Operational planning allocates the resources needed to execute a strategy. However, it also needs to move flexibly to make it executable in the short term!
Operational plan examples
Let’s conclude by detailing some hypothetical operational plan examples.
First, consider a company that prints and publishes books for clients. The company details three goals and their associated strategies and actions.
- Goal 1 – Reduce capital expenditure on raw materials for book pages based on a cost-reduction strategy. The company will renegotiate terms with paper suppliers to secure a more attractive deal.
- Goal 2 – Increase the number of proofread books by 15% based on a strategy to improve productivity. To achieve this, the publisher distributes manuscripts to more editors to spread the workload. It also conducts a recruitment drive to employ more staff.
- Goal 3 – Improve the quality of each book’s cover page based on a quality improvement strategy. The company decides to replace an old machine which has a tendency to misprint book covers.
Here is what an operations plan may look like for a vehicle manufacturer:
- Goal 1 – Reduce shipping and packaging time by 25% based on a strategy to decrease order turnaround time. Efficiency will be increased with improvements to multiple shipping and packaging processes.
- Goal 2 – Increase employee productivity to $500 per hour in the paint shop and chassis departments. This productivity improvement strategy will require that both departments be reorganized and better integrated with assembly line operations.
- Goal 3 – Reduce the unit cost of each family SUV by $450 and reduce energy costs by 7% over the next three years. In the former, the cost reduction strategy involves renegotiation of terms with suppliers based on recent weakness in the price of iron ore. In the latter, the manufacturer builds a small solar farm to offset energy costs.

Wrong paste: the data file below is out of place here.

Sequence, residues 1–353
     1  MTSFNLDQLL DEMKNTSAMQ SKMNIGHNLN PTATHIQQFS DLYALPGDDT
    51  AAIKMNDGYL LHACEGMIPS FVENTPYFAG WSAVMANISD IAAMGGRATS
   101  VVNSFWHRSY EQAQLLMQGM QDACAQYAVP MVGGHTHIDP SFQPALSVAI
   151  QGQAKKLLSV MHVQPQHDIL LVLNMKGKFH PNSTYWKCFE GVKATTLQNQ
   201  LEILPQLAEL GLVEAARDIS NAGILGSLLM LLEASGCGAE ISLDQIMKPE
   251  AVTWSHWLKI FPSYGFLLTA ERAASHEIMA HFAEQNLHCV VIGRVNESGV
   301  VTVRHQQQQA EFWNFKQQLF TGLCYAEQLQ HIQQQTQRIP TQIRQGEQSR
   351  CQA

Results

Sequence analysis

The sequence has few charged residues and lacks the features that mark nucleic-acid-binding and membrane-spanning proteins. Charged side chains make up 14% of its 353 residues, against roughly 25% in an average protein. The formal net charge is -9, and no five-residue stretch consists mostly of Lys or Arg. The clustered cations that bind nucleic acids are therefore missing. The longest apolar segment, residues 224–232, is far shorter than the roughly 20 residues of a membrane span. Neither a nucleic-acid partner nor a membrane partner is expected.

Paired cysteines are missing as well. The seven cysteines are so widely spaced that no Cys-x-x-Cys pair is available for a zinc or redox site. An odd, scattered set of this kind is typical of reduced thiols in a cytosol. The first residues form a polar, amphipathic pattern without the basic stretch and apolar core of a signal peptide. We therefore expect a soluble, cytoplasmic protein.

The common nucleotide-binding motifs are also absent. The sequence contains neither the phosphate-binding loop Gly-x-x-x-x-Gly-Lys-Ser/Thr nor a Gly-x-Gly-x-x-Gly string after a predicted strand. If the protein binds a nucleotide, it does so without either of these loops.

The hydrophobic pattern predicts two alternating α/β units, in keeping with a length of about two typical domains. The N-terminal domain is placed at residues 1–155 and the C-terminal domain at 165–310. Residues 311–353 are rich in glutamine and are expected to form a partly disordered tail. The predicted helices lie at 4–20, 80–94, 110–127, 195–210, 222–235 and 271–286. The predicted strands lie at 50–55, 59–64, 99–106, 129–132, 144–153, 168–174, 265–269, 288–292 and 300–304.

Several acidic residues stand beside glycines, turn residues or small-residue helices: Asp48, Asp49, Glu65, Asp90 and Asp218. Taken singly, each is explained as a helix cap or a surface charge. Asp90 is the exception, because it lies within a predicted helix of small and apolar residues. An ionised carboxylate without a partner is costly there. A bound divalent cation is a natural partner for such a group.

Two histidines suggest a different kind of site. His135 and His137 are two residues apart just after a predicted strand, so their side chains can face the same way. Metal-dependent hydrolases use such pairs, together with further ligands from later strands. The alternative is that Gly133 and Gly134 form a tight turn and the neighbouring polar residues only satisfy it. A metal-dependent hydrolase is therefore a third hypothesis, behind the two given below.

In the third example, imagine a football club that wants to grow its membership base. It develops five key strategies as follows.
Strategy 1 – Conduct school visits
- Timeframe – three visits per month to selected high schools in the metropolitan area.
- Position responsible – PT development officer.
- Budget – $13,000 for employee salaries and $1,500 for a new trailer and promotional materials.
- Timeframe – advertisements placed in city newspapers in the three months before season commencement with weekly social media posts.
- Position responsible – Promotions Coordinator and Social Media Marketing team.
- Budget – $25,000 for employee salaries and $700 for weekly newspaper ads for one quarter.
Strategy 3 – Establish a Masters League
- Timeframe – the competition will run over the off-season across August and September with games held weekly.
- Position responsible – Events Coordinator.
- Budget – $7,000 for umpire salaries, $1,000 for player trophies, and $1,500 for venue maintenance.
Strategy 4 – Contact former members to renew their membership
- Timeframe – former members of the club will be sent a letter annually. Individuals whose former teams make the playoffs will be sent an additional letter each year as extra motivation.
- Position responsible – Membership/HR Coordinator.
- Budget – $2,000 for employee salaries, $400 for paper and postage stamps, and $300 for printer ink and associated expenses.
- Operational planning details the day-to-day actions that will support broader strategic objectives.
- Operational planning cannot begin until a strategic plan is in place. In developing the plan, businesses must focus on important goals, use leading indicators, and develop KPIs collaboratively.
- Operational planning must detail several crucial elements, including strategies, timeline, budget, responsibility, KPIs, and contingency plans.
What is operational planning and how is it used?
Operational planning defines how resources will be allocated to achieve strategic objectives. Effective operational planning should tackle how the resources will be used toward strategic goals, how responsibilities are distributed, and the key performance indicators.
Why is operational planning important?
Operational planning is critical from an execution standpoint. Indeed, where a business strategy looks at an organization’s long-term goals, operational planning enables the organization to execute the plan, making it possible to test the main business assumptions.
What are the objectives of operational plan?
For an operational plan to be effective, ensuring that a solid strategic plan is already in place, it needs to focus on the most critical goals. It needs to use leading indicators; those KPIs must be tied to the business, and communication is paramount. Thus, the essential operational planning elements are strategies, timeline, budget, responsibility, KPIs, and a backup plan.
Related Agile Business Frameworks